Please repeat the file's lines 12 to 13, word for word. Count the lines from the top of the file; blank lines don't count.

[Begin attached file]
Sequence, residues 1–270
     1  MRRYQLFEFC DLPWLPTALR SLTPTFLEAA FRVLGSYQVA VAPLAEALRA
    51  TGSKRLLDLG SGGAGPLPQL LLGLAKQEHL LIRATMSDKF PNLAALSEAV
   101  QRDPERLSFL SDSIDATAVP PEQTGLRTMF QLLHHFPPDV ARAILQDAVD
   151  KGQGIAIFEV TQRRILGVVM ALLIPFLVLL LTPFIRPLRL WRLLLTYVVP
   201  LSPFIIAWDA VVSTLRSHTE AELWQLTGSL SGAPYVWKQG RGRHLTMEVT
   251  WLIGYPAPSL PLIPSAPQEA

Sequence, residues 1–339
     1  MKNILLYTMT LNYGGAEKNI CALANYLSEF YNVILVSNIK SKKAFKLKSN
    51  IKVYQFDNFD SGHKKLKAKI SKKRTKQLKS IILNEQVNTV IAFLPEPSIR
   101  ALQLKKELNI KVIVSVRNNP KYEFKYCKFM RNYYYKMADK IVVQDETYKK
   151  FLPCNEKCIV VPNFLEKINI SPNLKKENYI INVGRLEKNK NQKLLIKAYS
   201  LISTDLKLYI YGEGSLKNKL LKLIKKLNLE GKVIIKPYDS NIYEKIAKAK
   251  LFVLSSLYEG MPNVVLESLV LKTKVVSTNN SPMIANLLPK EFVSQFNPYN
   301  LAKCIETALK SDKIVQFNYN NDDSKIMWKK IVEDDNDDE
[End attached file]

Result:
   151  FLPCNEKCIV VPNFLEKINI SPNLKKENYI INVGRLEKNK NQKLLIKAYS
   201  LISTDLKLYI YGEGSLKNKL LKLIKKLNLE GKVIIKPYDS NIYEKIAKAK